Worries over declining training scheme for artisans
The challenge of adequate manpower has continued to worsen the woes of the housing sector due to declining state of technical schools and artisans’ certification process.
With the absence of skilled artisans, most property developers had been forced to rely on either the incompetent ones or cough out thousands of naira to hire foreigners from neighbouring countries like, Togo, Benin Republic and Ghana.
This development had increased the cost of housing delivery and affordability for majority of low-income earners. The artisans are one of the critical manpower required for the construction sector. They are specialists in masonry/bricklayers, fabrication/metal works, electrical work, carpentry and joinery, plumbing, and house painting and decoration.
While experts say the sector needs about 40 per cent of these group of artisans, investigations by The Guardian reveal that there is growing reduction in enrolment by pupils in technical colleges for the training of the needed manpower. What is now prevalent is the acute shortage of competent tilers, bricklayers, carpenters, electricians and plumbers.
In the past, the likes of ‘City and Guilds’ and other technical schools were reputed for producing the highly skilled artisans as programme certification from City and Guild of Nigeria, in particular became a yardstick to be engaged as competent artisan for housing development. However, with the passage of time, the reputation and recognition has waned.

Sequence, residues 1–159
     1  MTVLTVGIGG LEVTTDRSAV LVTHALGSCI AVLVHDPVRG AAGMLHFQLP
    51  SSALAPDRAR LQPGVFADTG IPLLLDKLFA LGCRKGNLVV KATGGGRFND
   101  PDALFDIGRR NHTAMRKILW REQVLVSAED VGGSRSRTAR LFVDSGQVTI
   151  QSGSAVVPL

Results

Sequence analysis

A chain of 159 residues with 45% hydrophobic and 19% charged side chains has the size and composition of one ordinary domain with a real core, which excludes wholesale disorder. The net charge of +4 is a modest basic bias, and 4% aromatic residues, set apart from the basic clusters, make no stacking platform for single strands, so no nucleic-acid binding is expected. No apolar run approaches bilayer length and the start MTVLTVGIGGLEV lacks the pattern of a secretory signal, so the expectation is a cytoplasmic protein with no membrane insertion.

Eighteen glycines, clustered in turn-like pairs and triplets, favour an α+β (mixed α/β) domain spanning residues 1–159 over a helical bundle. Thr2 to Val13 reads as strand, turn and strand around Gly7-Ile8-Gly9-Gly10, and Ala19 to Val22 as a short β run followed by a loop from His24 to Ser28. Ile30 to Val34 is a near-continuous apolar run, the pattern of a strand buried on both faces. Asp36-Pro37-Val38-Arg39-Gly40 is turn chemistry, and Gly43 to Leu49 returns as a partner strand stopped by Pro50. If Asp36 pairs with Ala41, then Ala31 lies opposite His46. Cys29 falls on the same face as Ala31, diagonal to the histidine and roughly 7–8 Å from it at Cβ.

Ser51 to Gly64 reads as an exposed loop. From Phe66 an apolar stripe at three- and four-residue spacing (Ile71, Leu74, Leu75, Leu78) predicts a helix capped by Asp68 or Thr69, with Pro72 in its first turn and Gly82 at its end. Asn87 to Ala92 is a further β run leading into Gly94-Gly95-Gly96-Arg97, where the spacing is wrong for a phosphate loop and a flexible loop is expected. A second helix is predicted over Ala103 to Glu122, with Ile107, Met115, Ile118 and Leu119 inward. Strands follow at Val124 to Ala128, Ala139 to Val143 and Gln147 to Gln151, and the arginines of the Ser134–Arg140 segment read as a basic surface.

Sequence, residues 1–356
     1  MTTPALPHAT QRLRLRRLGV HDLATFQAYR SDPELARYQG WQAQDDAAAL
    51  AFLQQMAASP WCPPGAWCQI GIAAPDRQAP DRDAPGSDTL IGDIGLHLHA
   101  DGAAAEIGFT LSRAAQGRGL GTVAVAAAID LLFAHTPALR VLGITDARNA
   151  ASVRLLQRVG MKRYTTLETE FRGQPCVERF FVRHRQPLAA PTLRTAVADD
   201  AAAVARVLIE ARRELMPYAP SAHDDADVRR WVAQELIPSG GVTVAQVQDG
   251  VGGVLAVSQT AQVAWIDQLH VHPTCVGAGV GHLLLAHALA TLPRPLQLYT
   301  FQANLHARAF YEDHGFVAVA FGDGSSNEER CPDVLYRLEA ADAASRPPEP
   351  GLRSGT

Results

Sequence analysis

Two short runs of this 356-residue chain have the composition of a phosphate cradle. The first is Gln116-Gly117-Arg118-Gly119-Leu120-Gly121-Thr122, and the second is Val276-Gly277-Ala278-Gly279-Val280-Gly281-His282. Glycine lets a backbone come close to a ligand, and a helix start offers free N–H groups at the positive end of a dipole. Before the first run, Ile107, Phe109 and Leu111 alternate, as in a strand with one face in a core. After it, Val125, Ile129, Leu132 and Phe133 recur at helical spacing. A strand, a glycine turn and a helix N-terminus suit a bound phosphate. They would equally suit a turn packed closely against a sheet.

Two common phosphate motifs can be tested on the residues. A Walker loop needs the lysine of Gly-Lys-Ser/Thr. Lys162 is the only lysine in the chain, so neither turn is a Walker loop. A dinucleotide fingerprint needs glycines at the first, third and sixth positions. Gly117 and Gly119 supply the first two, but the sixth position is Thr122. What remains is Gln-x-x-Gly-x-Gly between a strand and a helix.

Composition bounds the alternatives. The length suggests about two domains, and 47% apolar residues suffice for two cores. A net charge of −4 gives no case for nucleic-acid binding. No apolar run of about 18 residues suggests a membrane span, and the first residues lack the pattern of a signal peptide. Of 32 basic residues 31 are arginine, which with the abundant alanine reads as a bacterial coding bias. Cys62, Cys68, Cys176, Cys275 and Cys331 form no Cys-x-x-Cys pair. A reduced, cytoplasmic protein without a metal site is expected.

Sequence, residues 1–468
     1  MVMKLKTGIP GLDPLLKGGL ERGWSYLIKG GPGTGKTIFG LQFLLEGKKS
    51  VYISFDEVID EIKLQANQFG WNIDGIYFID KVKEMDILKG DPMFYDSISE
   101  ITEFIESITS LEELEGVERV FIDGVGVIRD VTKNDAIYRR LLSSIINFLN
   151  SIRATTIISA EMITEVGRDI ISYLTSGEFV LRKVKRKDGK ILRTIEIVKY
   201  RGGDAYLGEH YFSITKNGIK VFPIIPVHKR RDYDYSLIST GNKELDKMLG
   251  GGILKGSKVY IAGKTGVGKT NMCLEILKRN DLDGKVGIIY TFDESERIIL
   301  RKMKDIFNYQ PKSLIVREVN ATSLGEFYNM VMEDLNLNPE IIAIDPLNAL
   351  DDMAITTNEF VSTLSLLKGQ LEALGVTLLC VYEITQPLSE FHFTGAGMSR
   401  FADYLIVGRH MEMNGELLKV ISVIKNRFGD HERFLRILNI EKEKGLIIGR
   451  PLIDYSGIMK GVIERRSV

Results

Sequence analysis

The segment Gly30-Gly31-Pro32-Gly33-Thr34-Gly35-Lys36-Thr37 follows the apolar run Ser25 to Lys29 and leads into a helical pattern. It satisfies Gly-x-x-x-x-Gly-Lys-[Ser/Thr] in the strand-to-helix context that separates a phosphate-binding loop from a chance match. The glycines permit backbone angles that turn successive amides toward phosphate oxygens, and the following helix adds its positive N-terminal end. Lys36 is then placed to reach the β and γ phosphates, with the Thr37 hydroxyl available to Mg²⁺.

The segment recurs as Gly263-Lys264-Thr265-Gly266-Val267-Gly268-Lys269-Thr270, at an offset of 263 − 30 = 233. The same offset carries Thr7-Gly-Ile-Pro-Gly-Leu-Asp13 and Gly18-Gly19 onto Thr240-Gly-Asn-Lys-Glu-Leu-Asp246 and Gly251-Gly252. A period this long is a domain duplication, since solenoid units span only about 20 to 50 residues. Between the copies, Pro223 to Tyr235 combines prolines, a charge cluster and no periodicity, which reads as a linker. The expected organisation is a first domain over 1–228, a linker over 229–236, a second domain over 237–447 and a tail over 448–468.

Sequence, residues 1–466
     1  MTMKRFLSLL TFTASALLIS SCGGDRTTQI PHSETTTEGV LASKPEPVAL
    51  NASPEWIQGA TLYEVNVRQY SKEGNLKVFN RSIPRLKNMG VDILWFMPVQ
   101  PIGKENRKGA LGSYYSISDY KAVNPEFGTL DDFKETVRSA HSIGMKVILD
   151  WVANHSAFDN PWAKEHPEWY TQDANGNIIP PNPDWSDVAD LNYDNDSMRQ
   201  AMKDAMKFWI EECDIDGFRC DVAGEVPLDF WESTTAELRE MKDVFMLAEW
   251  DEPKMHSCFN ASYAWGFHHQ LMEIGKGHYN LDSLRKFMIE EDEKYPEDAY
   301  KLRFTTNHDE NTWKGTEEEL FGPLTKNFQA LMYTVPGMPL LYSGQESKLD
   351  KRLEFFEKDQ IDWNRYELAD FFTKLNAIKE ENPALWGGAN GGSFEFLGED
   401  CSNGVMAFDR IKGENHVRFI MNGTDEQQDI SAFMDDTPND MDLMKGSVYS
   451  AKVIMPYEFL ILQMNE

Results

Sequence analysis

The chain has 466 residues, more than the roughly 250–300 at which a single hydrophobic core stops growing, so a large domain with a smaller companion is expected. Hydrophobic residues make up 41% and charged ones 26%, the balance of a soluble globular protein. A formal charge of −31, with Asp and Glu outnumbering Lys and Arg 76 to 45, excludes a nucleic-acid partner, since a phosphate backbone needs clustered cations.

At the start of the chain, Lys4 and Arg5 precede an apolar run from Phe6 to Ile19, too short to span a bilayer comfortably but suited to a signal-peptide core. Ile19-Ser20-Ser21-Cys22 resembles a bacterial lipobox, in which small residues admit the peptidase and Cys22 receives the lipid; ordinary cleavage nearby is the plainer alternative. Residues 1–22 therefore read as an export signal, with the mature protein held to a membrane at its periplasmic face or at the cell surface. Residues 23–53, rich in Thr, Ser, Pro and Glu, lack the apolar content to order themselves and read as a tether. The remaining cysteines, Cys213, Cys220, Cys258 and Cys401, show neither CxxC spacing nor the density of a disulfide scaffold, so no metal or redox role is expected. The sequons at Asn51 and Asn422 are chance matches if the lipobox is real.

Specifically, there were efforts by the then Federal Ministry of Power, Works and Housing in 2016, to establish Building Craft Training Schools in the six geo-political zones of the country for the training of artisans and craftsmen in addition to those in Abuja, Lagos and Imo State and over 100 of such college spread across the country.
Other private sector bodies like, Julius Berger Nigeria Plc, Dangote Group of Companies, Lafarge Cement Plc and Sparklight Group had embarked on the training of artisans but such moves haven’t transformed to the much desired result.
The President, Nigerian Institute of Building (NIOB), Kunle Awobodu, said the government had not provided adequate support for technical education. He observed that in most of the technical colleges, the machine devices that are supposed to be used for training the students are already obsolete.
Awobodu expressed concerns that the society has developed a negative attitude towards handiwork as some parents feel that handiworks are for children who are not academically brilliant, adding that the perception is that those who go to technical colleges won’t be opportune for white-collar jobs and are automatically relegated in life.
“Every student now strives to go to university and pursue academic work and so the technical colleges are not well patronised. Most of the machines that are used, consume a lot of energy but there is erratic power supply and low voltage.
He said there was the need to update the skill sets of those who are training the students in the technical schools.
According to him, the once popular ‘City and Guilds’ certification for artisans contributed to poor state of building artisans. He said the certification has now become too foreign, hence, the reason for its going into oblivion.
Awobodu stated that the examination, which is more like a trade test has been replaced with National Skills Qualification Framework (NSQF), developed by National Business and Technical Examination Board (NABTEB) as a way of assessing students’ level of knowledge, deficiency and areas for further development.